LONDON - Architects have swapped traditional building materials for sugar and spice to create an edible gingerbread city of the future at London's Victoria and Albert Museum, to show that urban planning can be fun and tasty.
The annual exhibition, which runs from Dec. 8 to Jan. 6, showcases buildings by architects, designers and engineers who were asked to create a sustainable and inclusive city of the future.
More than 60 structures have been baked and the city features a cable car made of licorice, and cycle lanes and pedestrian routes made entirely of sugar.
- Infant ibuprofen sold at Walmart, CVS, Family Dollar recalled
- National Geographic finally catches on to how cool Pittsburgh is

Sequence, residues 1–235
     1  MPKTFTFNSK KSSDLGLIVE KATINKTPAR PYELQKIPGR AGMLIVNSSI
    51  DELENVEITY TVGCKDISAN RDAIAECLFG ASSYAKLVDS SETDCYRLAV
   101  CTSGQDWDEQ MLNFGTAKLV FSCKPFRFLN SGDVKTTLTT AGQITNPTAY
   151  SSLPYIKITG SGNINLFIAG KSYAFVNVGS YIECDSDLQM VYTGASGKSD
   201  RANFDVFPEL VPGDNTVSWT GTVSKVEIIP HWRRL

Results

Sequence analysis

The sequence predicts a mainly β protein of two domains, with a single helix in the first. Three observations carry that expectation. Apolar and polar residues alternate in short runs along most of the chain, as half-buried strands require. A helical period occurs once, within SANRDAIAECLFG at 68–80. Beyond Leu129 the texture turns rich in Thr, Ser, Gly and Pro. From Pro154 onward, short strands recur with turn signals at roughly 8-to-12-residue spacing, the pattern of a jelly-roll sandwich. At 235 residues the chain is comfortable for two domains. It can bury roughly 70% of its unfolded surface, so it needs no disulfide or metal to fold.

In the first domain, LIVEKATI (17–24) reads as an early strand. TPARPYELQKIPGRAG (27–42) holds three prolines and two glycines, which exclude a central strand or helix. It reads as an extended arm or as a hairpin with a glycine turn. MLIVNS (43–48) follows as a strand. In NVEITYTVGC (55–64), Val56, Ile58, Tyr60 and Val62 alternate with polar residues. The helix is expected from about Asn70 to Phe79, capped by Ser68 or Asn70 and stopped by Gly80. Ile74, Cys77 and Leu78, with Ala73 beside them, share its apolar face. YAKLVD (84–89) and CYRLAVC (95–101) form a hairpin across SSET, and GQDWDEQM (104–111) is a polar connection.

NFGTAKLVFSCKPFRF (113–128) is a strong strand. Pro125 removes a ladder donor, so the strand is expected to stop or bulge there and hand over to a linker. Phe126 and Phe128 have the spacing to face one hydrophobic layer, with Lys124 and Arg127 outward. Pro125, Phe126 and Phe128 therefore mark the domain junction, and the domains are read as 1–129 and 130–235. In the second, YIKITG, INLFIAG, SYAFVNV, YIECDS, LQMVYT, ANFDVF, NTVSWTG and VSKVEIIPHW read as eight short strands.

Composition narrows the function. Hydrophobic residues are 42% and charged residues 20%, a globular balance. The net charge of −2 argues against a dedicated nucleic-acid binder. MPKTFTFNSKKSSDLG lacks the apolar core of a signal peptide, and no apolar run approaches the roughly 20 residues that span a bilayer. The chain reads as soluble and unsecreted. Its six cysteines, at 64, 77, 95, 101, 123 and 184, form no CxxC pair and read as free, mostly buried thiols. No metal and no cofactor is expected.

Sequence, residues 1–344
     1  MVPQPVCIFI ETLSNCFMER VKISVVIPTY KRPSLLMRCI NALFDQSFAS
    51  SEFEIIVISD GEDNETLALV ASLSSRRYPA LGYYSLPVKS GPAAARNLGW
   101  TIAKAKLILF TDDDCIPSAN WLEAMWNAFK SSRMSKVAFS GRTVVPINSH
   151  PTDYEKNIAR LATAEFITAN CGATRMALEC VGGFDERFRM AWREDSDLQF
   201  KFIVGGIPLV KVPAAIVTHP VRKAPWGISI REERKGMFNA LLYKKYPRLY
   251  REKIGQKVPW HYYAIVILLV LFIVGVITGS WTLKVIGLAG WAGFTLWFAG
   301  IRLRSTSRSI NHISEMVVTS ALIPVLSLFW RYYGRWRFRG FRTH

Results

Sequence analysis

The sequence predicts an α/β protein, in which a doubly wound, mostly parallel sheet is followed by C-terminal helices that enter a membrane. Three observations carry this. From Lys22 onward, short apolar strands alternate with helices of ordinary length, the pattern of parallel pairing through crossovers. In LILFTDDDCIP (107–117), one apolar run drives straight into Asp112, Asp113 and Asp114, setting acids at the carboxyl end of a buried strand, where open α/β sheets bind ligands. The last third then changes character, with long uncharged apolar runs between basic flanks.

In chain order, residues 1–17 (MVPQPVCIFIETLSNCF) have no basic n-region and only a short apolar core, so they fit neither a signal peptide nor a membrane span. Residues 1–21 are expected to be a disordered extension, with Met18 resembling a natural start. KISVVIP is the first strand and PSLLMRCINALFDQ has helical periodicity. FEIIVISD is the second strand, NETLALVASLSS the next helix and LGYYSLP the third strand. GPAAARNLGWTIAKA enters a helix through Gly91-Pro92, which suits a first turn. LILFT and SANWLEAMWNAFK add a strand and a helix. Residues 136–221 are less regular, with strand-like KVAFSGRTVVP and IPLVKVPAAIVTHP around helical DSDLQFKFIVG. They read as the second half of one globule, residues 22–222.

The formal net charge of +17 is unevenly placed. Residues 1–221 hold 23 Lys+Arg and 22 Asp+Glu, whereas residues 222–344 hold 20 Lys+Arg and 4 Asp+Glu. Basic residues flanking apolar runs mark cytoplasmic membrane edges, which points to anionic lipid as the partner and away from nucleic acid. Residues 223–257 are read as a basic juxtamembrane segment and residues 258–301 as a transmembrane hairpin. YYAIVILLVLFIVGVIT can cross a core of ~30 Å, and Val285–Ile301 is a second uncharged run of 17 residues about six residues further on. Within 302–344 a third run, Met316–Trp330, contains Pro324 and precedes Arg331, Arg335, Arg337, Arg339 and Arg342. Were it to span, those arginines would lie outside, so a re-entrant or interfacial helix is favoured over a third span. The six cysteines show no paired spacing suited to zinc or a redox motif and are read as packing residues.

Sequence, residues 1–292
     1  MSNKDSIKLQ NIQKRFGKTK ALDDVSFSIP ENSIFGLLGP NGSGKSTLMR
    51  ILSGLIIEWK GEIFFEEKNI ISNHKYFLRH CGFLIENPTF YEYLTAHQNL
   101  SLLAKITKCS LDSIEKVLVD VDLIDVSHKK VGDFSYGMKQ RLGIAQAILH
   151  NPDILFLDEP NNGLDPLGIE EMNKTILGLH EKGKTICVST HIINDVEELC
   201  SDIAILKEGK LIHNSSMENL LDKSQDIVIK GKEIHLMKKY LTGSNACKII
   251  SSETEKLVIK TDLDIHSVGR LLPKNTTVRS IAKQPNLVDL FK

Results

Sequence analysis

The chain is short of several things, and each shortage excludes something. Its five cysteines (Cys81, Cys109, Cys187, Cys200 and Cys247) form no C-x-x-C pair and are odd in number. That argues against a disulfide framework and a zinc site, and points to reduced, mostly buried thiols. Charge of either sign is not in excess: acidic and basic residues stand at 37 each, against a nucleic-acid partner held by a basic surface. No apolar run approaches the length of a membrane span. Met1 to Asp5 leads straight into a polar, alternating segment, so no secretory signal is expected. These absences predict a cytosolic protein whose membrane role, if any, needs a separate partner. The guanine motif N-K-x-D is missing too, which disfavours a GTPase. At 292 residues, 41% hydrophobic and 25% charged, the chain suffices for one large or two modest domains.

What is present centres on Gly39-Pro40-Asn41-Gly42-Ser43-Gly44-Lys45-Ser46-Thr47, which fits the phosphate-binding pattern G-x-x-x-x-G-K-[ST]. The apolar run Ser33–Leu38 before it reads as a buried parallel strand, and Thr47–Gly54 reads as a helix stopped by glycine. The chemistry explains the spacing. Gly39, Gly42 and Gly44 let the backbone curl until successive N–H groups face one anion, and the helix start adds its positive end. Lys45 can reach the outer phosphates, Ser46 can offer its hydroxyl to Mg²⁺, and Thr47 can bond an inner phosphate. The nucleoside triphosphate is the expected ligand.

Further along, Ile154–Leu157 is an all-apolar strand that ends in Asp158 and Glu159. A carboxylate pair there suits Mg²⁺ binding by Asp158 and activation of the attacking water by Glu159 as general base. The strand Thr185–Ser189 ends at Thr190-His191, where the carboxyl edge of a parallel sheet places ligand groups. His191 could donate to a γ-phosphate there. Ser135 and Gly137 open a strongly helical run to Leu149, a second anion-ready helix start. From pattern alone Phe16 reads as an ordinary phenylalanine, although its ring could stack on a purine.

- Police arrest 32 as part of Mon Valley drug sweep
- VIDEO: Church's nativity scene includes baby Jesus in a cage
- DOWNLOAD the Channel 11 News app for breaking news alerts
"So all the materials are mostly edible. There might be some internal structure a little bit in there, as well, to help, especially with the towers, helping them stand up because they're quite tall. I think the tallest one is about 86 centimeters high. So, yes, there's a little bit, there's a little bit of help in there but most of the materials, everything you see, is edible. So, sweets and gingerbread and all kinds of biscuits and everything," said Director of the Museum of Architecture, Melissa Woodford.
Among the gingerbread structures on display is a pavilion designed by Foster and Partners that was built by a robot, a first for the exhibition.